The operation of the governor of the present invention will now be discussed by referring to FIG. 1. Speed adjustment potentioneter 90 is adjusted to designate a specified engine operating RPM. Magnetic pickup 88 generates an electrical signal representative of the actual operating RPM of the engine. Control means 36 measures the difference between the selected operating RPM and the actual operating RPM and generates a control signal in order to zero out the RPM difference between the selected and actual operating RPM.

In FIG. 1, it is assumed that a rightward movement of arm 82 will actuate the fuel injection pump of the engine to decrease the fuel flow to the engine and thereby decrease the operating RPM of the engine. If control means 36 senses that the engine RPM is above the desired operating RPM, it will generate an electrical control signal which will cause fuel injector 32 to be actuated, opening port 94 and permitting a predetermined amount of fluid to be discharged from control chamber 26. As a result of the force exerted by spring 38 on piston 16, piston 16 will be displaced very slightly to the left of its neutral or equilibrium position. This leftward displacement of piston 16 will cause second valve surface 54 to also slide leftward, opening a narrow aperture between the first sliding chamber 48 and port 78. Hydraulic fluid from inlet port 42 will pass through first sliding chamber 48 and second passageway 78 into second chamber 74, increasing the pressure therein. First valve surface 52 will also be displaced to the left, opening a small aperture between first port 56 and third sliding chamber 23. This will permit an outward flow of hydraulic fluid from first chamber 72 through first passageway 76 into sliding chamber 23 and out drain port 24. As a result of the pressure differential between second chamber 74 and first chamber 72, piston 66 of actuator means 60 will be displaced to the right. This rightward displacement of piston 66 and arm 82 will actuate the rack of the engine fuel injection pump causing it to meter less fuel to the engine and result in decreased operating RPM of the engine.

This rightward displacement of arm 82 will also displace the wiper of potentiometer 84, altering the voltage signal transmitted on conductor 86 to control means 36. In response to the movement of arm 82 and the perceived difference in operating RPM as the result of the signal transmitted by magnetic pickup 88, control means 36 will transmit a control signal to fuel injector 28 to open port 92 and thus meter additional fluid into control chamber 26. The metering of additional fluid into control chamber 26 will increase the pressure in that chamber to a level in excess of the biasing force from spring 38 resulting in a rightward displacement of piston 16. When the engine RPM has been decreased so that it equals the desired operating RPM, piston 16 will have returned to its neutral or equilibrium position terminating all flow into or out of chambers 72 and 74.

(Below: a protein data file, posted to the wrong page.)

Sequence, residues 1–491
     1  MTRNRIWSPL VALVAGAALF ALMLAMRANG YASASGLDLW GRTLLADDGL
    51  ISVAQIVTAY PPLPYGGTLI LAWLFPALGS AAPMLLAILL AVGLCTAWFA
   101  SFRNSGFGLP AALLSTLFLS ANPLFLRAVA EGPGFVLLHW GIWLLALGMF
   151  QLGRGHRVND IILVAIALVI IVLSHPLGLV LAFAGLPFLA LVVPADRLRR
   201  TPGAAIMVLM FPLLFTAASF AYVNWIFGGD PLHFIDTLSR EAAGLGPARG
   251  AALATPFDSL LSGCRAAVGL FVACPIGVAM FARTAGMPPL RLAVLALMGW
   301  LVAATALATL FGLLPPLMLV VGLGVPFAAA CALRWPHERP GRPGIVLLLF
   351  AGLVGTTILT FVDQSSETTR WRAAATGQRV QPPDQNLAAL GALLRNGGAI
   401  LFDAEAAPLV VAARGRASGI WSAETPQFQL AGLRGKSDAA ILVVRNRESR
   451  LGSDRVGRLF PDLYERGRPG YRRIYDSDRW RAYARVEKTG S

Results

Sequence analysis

As the engine operating RPM decreases to a level below the desired operating RPM, a sequence of events exactly opposite to that discussed immediately above will occur, resulting in a rightward displacement of piston 16 from its neutral or equilibrium position and the resultant leftward movement of piston 66 of actuator 60. During rightward displacements of piston 16, hydraulic fluid discharged from chamber 74 will flow into second sliding chamber 50 and be discharged through drain port 25.

Referring now to FIG. 2, the structure and operation of control means 36 will be described. Frequency to voltage converter 96 receives the alternating current electrical signal from magnetic pickup 88 and converts this signal to a D.C. voltage which is coupled to summer 98. The electrical signal from speed adjustment potentiometer 90 is coupled to the second input of summer 98. Summer 98 generates an error output signal representative of the difference in RPM between the operating RPM and the desired RPM. This error signal is coupled to the input of an error gain amplifier 100 which amplifies the error signal.

The output of frequency to voltage converter 96 is also coupled to underspeed detector 102 which generates an output signal whenever the output voltage from frequency to voltage converter 96 indicates that the RPM of the engine is less than the cranking RPM or the magnetic pickup 88 is inoperative. Underspeed detector 102 is provided for installations where control means 36 is maintained in an energized state at all times and functions to generate an output signal which disconnects the power from injectors 28 and 32. Underspeed detector 102 accomplishes de-energization by transmitting a "turn off" signal to the injector uplock logic 104 and injector downlock logic 106 circuits. Thus, during a standby period when power is connected to control means 36, the approximate 300 milliampere current drawn by injectors 28 and 32 will be terminated.

Overspeed detector 108 is coupled to the output of error gain amplifier 100 in order to detect an overspeed condition of the engine. If an error signal sufficient to actuate overspeed detector 108 actually exists, it is indicative of a system malfunction. Overspeed detector 108 then generates an output signal which causes the piston of actuator means 60 to be fully deflected to the right to shut down the fuel injector pump of the engine. Overspeed detector 108 latches in the off position in order to prevent resumption of normal engine operation following a system malfunction.